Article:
The Oct. 20 Black Diamond City Council meeting was uncharacteristically restrained, with little in the way of unchecked emotion and even less action and content.
First came the inevitable argument between Councilwoman Pat Pepper and Mayor Carol Benson over the proper agenda for the night, followed quickly by the subsequent recess and executive session called by Benson.
This was the first executive session that was attended by council members Brian Weber, Erika Morgan and Pepper in four council meetings.
Pepper, Weber and Morgan refused to attend the last three executive sessions with Kenyon Disend attorneys, saying that the council has not approved the firm’s employment with the city and reserved the right to contract with their own counsel, which Benson has denied.
Morgan explained later in an email interview that the difference between this executive sessions and others was this was led by attorney Peter Altman, who was representing the Black Diamond Police Officer’s Association and their collective bargaining agreement with the city, which was on the docket for that night.
The executive session was followed by the collective bargaining agreement, brought to the floor by Councilwoman Tamie Deady, who had to talk over Pepper and Benson’s arguing over the agenda.
It probably came to no one’s surprise that Pepper voiced that she wanted the contract to be moved to committee for discussion and review, with Morgan agreeing.
Councilwoman Janie Edelman said the contract being discussed has been practically the same for the past six years, with only minor changes.
Pepper said there was no rush to pass the contract, so it wouldn’t hurt to hold it for one more week, saying she expected it to come back to council during the Nov. 3 council meeting for action.
When all was said and done, the vote to pass the contract was derailed by Pepper’s call to postpone it, and the council voted unanimously to bring it back up Nov. 3.
The postponement was criticized by Economic Development Director Andy Williamson, who was representing the city’s teamsters during the city’s final public comment period at the end of the night.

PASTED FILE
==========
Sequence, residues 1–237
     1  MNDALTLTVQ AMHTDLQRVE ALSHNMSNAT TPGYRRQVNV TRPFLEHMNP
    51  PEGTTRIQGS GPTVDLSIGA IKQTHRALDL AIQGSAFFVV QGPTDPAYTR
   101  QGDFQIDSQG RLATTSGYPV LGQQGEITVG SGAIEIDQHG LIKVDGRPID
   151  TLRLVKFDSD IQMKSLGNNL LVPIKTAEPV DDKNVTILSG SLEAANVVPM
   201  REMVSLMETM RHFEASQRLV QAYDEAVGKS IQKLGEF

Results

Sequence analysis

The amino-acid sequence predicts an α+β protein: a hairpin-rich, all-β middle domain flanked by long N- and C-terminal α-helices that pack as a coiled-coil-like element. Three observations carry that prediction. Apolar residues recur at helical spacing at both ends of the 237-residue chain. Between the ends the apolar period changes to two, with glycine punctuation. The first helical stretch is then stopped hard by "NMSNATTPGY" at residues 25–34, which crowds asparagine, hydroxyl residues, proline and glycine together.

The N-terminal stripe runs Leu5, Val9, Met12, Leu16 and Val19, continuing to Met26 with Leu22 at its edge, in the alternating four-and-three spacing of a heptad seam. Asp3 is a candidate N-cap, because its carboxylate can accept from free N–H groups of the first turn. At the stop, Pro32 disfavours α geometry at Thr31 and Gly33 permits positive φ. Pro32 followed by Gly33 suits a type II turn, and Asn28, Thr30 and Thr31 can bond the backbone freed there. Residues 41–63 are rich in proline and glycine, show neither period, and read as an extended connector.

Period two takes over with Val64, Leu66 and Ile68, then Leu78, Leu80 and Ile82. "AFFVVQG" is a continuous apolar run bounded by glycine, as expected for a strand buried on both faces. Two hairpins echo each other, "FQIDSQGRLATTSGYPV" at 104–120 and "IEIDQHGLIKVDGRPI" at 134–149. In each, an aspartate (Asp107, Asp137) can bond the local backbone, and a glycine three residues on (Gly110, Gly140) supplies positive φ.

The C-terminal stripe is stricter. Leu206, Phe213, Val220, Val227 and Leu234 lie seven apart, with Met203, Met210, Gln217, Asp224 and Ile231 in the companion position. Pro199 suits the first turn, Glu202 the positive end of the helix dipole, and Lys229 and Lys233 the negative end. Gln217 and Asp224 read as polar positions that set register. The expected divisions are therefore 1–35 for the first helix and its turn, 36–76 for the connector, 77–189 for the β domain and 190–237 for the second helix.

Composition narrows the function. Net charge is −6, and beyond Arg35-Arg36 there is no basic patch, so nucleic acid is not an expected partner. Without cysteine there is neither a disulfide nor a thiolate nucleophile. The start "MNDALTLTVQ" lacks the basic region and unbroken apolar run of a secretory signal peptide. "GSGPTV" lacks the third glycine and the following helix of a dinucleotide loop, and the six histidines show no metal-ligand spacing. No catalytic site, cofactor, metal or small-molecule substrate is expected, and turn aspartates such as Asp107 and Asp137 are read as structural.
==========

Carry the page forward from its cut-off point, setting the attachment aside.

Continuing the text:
Williamson said that 20 city employees are now represented by the Local 117 and that they were concerned about their contracts with the city, especially since the police contract was postponed.
The teamsters will not react positively to the council postponing their contract, Williamson said, adding that they’ll view such a move by the council as an “unfair business practice.”
After postponing the contract, Morgan pulled the Kenyon Disend claim check off the consent agenda.
The firm’s claim check was also pulled from the Oct. 6 consent agenda as well.
Both were pulled because Pepper, Weber and Morgan have said the Kenyon Disend firm, on top of not being approved by the council to work with the city, has given “incomplete,” and “self serving” advice, Morgan said during the Oct. 6 meeting.
The council majority also sees issues with Benson performing what they call “serial contracting.”
Under Black Diamond Municipal Code, the mayor has the power to approve a $1,500 or less contract without council approval.
However, the mayor has signed multiple $1,500 contracts with Kenyon Disend to keep them employed with the city.
Pepper, Weber and Morgan argue that this serial contracting, while it might not be expressly against the city’s code, definitely circumvents the intent of the code, Morgan said.
Benson said that she’s required by law to employ a city attorney.
The council voted to not approve the claim check in a 3-2 vote. Benson said she will deny the council’s decision and will pay the firm.
NO ENGINEERS AVAILABLE
The biggest news of the night was learning that Black Diamond currently has no professional engineers available on staff and no contracts with outside engineers.
The announcement came from Williamson, who explained that Public Works Director Seth Boettcher was injured in a car wreck and cannot currently perform his duties as a certified engineer.
Additionally, the council never got around to looking at an on-call services contract with RH2 during the Oct. 6 meeting.
Boettcher was slotted by the mayor to present the contract for on-going water and sewer engineering services to the council that meeting, but a separate agenda submitted by Pepper did not have the contract on the agenda, and Boettcher ultimately did not deliver his presentation to the council.
But even though the city is without its own engineers, or on-going engineering services with RH2, “I am obligated by state law, if someone brings in an application requiring engineering services, a plat, any of that type of work, I need to process that,” Williamson told the council on Oct. 20.
Since Williamson in required to process these applications with or without engineers to examine them, the city may be held liable if something goes wrong.
Pepper moved to bring the contract back to council on Nov. 3, and the motion was unanimously approved.
Weber pointed out that Benson has the power to approve a $1,500 with RH2 for on-call engineering services, which could be a temporary fix until the full contract gets through council.
As of Oct. 31, the city has not entered a $15,000 contract with RH2, Benson confirmed.